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Posts Tagged ‘FBI’

It’s coming into the home stretch and it’s Lockheed…it’s Northrop…it’s IBM, no it’s Lockheed again…

As I first reported near the end of December, the Federal Bureau of Investigation is looking to build the “worlds largest computer database of peoples’ physical characteristics.” The system dubbed as Next Generation Identification would track everything from iris patterns, to tattoos, to palm, and finger prints in order to keep tabs on the biometrics of bad guys.

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Last week the Immigration and Customs Enforcement agency (ICE) announced plans to create a new database to consolidate several smaller ones that would allow them identify possible terrorists or suspected criminals seeking access into the country. Information-sharing is en vogue. This story comes on the heels of a bevy of recent stories about federal, state and local law enforcement agencies looking to consolidate numerous databases and overhaul existing networks. The FBI hopes to create a the worlds largest biometrics database, the Department of Homeland Security wants to overhaul their existing Homeland Security Information Network and still yet another directive of the FBI is seeking to link up with similar agencies in the UK, Australia, Canada and New Zealand, among others. ICE’s new database is looking to be a sort of search engine for nine federal sources similar to those mentioned above. So what could possibly be wrong with that? Read on for the answer. (more…)

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DHS and governmental contracting watchdogs Spencer Hsu and Robert O’Harrow at the Washington Post, released a stinging article today about the replacement of the department’s information-sharing network, according to an October 27, 2007 memo by DHS Undersecretary for Management Paul A. Schneider.

The Homeland Security Information Network is a network of 100 or so web portals used by law enforcement on all levels of government as a platform for “chat and instant messaging, as well as a conduit for suspicious activity reports and analysis of terrorist threats,” according to the article. The Oct. 27 memo called for the need to replace the system by citing most of the portals “duplicative in capabilities.” Reports by the Government Accountability Office found the same and worse, saying it was a “high-risk area,” because it had not fulfilled a key security mandate after 9/11. On December 27, Washington Technology reported, “only half of states use DHS info-sharing networks,” and that “States were generally critical of DHS’ information-sharing initiatives in 2007.”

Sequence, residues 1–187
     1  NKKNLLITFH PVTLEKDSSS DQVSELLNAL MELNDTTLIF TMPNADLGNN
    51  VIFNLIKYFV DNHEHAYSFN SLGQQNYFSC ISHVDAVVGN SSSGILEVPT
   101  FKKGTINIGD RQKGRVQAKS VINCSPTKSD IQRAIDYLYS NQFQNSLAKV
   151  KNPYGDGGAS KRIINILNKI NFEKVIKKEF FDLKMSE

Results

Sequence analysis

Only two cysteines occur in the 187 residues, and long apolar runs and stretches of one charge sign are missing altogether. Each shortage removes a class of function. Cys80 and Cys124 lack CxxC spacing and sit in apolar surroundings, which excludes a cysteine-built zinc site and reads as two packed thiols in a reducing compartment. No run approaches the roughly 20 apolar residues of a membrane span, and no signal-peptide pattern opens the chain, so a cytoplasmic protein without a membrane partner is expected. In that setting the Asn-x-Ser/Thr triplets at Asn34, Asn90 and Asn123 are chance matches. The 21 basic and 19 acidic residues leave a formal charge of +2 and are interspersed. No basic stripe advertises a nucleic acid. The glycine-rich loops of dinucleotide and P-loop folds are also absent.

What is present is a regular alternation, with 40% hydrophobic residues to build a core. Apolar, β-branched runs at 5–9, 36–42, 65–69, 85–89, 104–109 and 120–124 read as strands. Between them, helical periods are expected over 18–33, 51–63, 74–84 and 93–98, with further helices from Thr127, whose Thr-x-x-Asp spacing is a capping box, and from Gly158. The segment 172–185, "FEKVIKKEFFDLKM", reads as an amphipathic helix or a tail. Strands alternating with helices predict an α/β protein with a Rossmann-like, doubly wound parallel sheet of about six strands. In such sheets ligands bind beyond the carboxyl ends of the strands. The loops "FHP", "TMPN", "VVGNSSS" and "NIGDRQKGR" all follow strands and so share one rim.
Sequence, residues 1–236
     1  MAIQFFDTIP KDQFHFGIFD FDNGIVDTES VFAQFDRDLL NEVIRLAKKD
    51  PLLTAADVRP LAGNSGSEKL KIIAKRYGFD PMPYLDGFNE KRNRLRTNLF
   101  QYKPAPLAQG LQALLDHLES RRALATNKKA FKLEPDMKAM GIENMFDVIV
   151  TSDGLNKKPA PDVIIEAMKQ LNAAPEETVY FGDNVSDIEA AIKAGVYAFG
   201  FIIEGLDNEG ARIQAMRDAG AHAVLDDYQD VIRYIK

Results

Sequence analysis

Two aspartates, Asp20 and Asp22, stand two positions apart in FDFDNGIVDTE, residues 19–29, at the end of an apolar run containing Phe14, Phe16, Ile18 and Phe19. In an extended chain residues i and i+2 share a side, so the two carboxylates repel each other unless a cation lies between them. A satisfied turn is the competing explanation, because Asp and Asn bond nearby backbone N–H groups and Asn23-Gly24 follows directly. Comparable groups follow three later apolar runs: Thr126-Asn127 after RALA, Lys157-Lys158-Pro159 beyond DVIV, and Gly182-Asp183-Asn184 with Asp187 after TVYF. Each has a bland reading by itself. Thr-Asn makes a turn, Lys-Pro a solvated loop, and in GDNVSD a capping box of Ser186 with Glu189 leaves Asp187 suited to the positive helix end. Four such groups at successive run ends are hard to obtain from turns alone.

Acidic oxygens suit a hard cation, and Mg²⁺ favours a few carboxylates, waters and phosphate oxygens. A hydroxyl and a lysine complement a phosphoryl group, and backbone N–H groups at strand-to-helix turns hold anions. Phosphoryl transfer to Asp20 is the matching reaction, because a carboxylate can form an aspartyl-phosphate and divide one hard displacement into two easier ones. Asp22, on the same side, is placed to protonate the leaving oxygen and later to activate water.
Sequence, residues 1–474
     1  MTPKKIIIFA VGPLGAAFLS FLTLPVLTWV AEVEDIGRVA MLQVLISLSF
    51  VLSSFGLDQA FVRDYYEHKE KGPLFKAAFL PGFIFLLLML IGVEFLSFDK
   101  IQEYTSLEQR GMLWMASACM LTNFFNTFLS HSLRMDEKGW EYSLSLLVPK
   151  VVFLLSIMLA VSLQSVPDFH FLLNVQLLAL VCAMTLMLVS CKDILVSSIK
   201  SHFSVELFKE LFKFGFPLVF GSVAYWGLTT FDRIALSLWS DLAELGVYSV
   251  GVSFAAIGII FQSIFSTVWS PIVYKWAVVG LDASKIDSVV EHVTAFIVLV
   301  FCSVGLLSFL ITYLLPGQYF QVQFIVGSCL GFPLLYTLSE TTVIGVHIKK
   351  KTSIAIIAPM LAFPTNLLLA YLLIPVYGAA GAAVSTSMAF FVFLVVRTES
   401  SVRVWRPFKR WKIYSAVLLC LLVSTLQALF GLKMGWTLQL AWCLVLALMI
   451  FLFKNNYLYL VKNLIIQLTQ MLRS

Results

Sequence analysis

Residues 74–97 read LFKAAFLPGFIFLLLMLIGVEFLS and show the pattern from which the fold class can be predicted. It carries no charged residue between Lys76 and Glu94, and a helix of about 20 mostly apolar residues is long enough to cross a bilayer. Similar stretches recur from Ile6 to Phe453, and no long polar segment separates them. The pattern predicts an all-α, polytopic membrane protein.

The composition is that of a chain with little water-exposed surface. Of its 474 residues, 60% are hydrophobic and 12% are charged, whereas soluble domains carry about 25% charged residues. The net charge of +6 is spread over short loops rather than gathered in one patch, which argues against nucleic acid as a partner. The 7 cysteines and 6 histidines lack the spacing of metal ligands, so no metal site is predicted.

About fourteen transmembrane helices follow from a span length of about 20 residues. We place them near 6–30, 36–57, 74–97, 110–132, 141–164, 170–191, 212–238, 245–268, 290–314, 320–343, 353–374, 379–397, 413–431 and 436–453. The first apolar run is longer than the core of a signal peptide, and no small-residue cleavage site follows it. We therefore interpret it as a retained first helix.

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Today, our friends over at the Washington Times picked up on a story first broke by the U.K.’s Guardian concerning a plan to link FBI biometric data with data collected by the Brits. The British federal law enforcement has voiced openly their privacy concerns over such a system and I doubt it will be popular, politically, to become bedfellows with the American FBI in such a public manner. However, senior British officials acknowledged they will be in Washington this week to discuss the program called, “Server in the Sky.”

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As was reported last week, the State Department intends to issue new passport cards embedded with Radio Frequency Identification (RFID) chips. This is but the latest in a long string of technologies being implemented at our nation’s borders and seaports. Fusion Centers, virtual fences (through a program called SBInet) and 10-point-finger scans (through a program called Registered Traveler / US-VISIT) are among the major projects being promoted by the Department of Homeland Security, Federal Bureau of Investigation and Defense Department in an effort to secure borders, airports and seaports from illegal immigrants and terrorists. (more…)

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